Yesterday, the New Jersey Jewish Standard (“the voice of northern Jewish New Jersey” since 1931, according to its Website) published an editorial apologizing for running a same-sex couple’s engagement announcement the previous Friday (right above an ad for a mohel, it so happens). The paper’s editor, Rebecca Boroson, reported that the paper had received an unexpected number of negative comments, and, after talking with a group of unnamed “traditional/Orthodox” rabbis, she came to understand that the announcement had caused “pain and consternation.” For this she was sorry. And readers could rest assured that the New Jersey Jewish Standard will never run such an announcement again.
The statement rocketed around Facebook and the blogosphere. Commenters on the paper’s site overwhelmingly expressed dismay. Boroson’s decision was called “disappointing” and “abhorrent.” More than one person noted the sad irony of the paper apologizing for offending homophobic readers in the wake of the recent rash of suicides by gay teenagers across the country, including, most prominently, at Rutgers—the state university of New Jersey.
The decision seems at odds with the paper’s official mission statement: “The Jewish Standard is not affiliated with any program, organization, movement, or point of view, but is dedicated to giving expression to all phases of Jewish life.” By refusing to run paid announcements from fellow Jews, and by kowtowing to but one segment of the community, the paper has chosen to “affiliate” with one “point of view,” doing the precise opposite of “giving expression to all phases of Jewish life.”
As one commenter, Jonah Rank, a rabbinical student at the Jewish Theological Seminary, pointed out, “It just might be a Chillul Hashem—a desecration of the God name—when a free publication that writes for and about Jewish causes sinks to the level of engaging in the shaming of an entire percentile of the Jewish population by refusing to acknowledge … their existence. We should not read about a gay union just as much as we should not read about Jews who belong to egalitarian synagogues, Jews who do not keep kosher, and Jews who do not engage in the core Mitzvah of ‘Love your neighbor as yourself’ (Leviticus 19:18).”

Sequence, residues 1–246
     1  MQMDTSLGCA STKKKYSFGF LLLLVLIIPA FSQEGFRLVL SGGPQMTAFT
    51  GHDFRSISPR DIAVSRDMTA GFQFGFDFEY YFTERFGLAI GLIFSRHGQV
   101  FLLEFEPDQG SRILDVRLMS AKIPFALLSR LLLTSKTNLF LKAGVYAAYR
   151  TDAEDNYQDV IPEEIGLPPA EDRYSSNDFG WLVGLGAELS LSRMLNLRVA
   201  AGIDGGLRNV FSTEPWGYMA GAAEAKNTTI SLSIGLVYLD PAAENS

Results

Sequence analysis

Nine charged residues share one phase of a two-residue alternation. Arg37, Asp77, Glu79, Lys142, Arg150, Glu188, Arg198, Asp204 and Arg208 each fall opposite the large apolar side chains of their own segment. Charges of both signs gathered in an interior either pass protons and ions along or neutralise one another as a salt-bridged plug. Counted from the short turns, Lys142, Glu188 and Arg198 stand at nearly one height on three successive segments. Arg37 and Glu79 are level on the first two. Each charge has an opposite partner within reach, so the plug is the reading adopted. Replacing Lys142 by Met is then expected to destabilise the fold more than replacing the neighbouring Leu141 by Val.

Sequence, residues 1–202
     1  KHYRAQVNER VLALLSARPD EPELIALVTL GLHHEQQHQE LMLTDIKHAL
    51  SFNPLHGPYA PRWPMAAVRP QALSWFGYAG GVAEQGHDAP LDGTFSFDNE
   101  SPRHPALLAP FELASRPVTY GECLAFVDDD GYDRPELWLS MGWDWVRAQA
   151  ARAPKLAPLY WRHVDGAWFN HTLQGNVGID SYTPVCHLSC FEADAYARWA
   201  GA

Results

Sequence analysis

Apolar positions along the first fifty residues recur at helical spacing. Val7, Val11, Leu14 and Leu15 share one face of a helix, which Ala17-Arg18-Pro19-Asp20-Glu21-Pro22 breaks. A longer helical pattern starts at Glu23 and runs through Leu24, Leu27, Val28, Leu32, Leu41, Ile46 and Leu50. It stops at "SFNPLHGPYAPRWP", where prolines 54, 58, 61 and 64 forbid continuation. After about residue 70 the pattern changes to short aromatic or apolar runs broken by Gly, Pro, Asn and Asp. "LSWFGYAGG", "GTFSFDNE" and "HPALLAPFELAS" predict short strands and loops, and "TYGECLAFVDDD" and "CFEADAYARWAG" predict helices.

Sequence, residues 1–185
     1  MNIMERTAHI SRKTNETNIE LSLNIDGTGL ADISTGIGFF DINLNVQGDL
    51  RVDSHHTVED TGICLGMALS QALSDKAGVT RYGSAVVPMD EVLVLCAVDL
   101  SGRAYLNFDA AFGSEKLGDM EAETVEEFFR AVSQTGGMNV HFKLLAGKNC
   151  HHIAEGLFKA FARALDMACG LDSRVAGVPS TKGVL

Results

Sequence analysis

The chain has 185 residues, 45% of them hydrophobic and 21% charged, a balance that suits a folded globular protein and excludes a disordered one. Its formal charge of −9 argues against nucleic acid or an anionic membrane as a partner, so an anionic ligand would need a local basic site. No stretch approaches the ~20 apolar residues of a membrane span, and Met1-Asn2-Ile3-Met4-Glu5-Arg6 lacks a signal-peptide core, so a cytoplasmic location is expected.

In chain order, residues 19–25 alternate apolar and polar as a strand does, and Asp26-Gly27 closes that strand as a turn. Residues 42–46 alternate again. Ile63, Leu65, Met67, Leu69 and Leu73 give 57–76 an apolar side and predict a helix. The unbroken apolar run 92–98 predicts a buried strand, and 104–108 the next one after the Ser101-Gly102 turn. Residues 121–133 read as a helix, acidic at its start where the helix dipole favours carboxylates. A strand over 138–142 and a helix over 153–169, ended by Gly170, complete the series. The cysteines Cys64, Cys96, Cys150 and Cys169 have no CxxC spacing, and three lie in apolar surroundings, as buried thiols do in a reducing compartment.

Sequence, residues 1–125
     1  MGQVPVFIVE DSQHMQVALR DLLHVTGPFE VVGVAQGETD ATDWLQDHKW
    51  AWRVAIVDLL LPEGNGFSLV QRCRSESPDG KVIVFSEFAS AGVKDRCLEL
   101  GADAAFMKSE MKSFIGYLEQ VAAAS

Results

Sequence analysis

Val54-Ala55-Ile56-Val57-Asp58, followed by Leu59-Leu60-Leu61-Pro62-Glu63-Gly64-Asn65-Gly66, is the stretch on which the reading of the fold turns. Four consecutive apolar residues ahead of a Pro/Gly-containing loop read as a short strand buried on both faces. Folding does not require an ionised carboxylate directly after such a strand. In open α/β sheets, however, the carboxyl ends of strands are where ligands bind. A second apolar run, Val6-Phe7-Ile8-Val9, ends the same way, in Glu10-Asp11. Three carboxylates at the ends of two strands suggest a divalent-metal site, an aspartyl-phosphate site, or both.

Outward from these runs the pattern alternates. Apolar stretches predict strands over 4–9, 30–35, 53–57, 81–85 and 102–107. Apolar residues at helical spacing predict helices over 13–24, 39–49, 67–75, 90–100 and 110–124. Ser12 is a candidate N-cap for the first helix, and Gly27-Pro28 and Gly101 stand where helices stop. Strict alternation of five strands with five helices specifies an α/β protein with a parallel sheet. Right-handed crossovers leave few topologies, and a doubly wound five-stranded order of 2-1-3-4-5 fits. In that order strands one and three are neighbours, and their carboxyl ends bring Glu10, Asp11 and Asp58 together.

Another commenter pointed out that she feels “pain and consternation” every time the paper accepts an ad from a non-kosher restaurant or writes about an event taking place on Shabbat. “Will you take note of my pain and refrain from advertising anything that violates halachic Judaism?” she asked rhetorically.
Rabbi Sue Fendrick, an alumna of the Wexner Fellowship now at the Mandel Center for Studies in Jewish Education at Brandeis University, posted, “It is ironic that you use the word ‘pain’ twice in your short retraction, given how deeply painful it is to GLBT Jews, their friends and families and people who care about them, that their lives are not visible in our communities and publications.”
In related news, columnist Dan Savage began an initiative last month called the “It Gets Better Project,” urging happy LGBT adults to post videos to YouTube assuring young, isolated LGBTs that even if they face hatred and bigotry now, their lives can eventually be rich and full.. LGBT teens are three times as likely to commit suicide as straight teenagers, and are far more likely to be bullied. While most coverage of the project has been favorable, there has been some backlash, among other things over the fact that the project allegedly stereotypes religious people as bigoted.
Religious people bigoted? Thoughtful people refuse to play into that stereotype. So do thoughtful publications.
A Statement from the Jewish Standard [Jewish Standard]